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MR. DEUTSCH: Today after the House voted for a massive 90 percent tax on bonuses from TARP recipients, the Senate is getting set to take up the issue. Over the weekend, New York Times columnist Tom Friedman wrote a piece called "Are We Home Alone?" He writes, "We are in a once-in-a-century financial crisis, and we've actually descended into politics worse than usual. There don't seem to be any adults at the top, nobody acting larger than the moment, nobody being impelled by anything deeper than a news cycle. Congress is slapping together punitive tax laws overnight like some Banana Republic, the president is getting in trouble cracking jokes on Jay Leno, comparing bowling skills to Special Olympians, and the opposition party is behaving as if its only priority is to deflate President Obama's popularity."
Okay, Senator Tom Coburn is a Republican from Oklahoma. Senator Coburn, I'm going to give you a chance to start to maybe bring this world together a little bit and prove that we're not all ideologues. Would you say possibly it was a good day for Geithner and a good day for the administration?
SEN. COBURN: Oh, I think so.
MR. DEUTSCH: Good. That's a step in the right direction.
SEN. COBURN: We have had price discovery on these toxic assets. And it looks like this plan may do it. I haven't seen all the details of it yet and how we're going to leverage $100 billion of American taxpayer dollars against 400 (billion dollars) or maybe even 900 billion (dollars) of private funds. I want to see that. I want to see the downside risk. But the key in solving this problem for the banks is price discovery, and we're not going to solve it until we get there. And so I think this is a great move. It's something we've been waiting on for a long time. It's what we were promised by Henry Paulson and never got. And so I think it is the one move that will help us.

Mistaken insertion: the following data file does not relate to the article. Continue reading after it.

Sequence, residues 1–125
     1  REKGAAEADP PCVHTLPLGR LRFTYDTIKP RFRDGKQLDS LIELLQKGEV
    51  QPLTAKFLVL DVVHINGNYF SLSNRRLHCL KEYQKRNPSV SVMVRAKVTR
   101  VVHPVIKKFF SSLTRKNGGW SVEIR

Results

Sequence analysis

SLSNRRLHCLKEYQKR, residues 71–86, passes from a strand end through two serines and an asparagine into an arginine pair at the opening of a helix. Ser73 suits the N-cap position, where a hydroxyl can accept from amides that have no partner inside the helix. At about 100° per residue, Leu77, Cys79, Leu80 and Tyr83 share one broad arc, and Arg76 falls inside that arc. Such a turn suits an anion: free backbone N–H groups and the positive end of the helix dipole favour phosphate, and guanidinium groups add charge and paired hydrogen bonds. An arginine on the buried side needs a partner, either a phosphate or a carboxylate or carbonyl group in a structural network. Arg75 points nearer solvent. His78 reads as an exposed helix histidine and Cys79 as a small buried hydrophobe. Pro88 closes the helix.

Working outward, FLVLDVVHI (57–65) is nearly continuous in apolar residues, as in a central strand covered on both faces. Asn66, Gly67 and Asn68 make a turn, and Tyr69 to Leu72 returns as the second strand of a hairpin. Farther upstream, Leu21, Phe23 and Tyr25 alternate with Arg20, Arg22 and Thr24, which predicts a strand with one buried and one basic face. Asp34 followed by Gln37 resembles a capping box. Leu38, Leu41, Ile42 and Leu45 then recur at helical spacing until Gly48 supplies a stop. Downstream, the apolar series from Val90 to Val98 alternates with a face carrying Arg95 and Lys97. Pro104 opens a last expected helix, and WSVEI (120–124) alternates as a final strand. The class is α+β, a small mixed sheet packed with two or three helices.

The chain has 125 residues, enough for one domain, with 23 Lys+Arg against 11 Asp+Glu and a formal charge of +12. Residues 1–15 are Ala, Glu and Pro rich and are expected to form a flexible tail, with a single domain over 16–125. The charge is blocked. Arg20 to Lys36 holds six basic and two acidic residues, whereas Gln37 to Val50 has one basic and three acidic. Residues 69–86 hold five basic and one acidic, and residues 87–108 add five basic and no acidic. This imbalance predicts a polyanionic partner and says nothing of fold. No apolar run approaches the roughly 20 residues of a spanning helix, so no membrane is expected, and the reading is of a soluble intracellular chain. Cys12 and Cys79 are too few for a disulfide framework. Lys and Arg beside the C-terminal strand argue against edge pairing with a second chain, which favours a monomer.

MR. DEUTSCH: Senator, you have said that you didn't think Geithner should have gotten the job in the first place. By all standards, a very comprehensive, well-received plan today. Are you changing your tune at all or do you still think --
SEN. COBURN: You know, look, I still think there's, you know, leadership matters. And if you're going to display principles of integrity, then you ought to hold the position. When you fail on some of those issues, then your credentials are going to be questioned. And they were, and they should have been with Tim Geithner. I mean, you know, I can go into the details on that, but when you claim you use Turbo Tax and it prompts you to pay your unemployment and Medicare tax and yet you don't do it, you either didn't use Turbo or you weren't being honest. So you know, the fact is is he is our Treasury secretary, he's there now. Let's hope that he continues to do some good moves that are good for the country as a whole and that we solve some of these problems.
MS. LEE: Senator, you mentioned leadership. Just to get your response directly to Thomas Friedman's column, do you agree that maybe there is a lack of leadership at the top, not just on the Democratic side but also in your party?